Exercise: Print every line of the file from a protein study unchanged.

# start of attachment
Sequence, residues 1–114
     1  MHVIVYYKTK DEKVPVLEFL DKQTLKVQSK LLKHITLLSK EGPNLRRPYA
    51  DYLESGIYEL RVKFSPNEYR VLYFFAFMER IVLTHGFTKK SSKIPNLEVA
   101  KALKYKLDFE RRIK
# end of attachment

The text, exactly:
Sequence, residues 1–114
     1  MHVIVYYKTK DEKVPVLEFL DKQTLKVQSK LLKHITLLSK EGPNLRRPYA
    51  DYLESGIYEL RVKFSPNEYR VLYFFAFMER IVLTHGFTKK SSKIPNLEVA
   101  KALKYKLDFE RRIK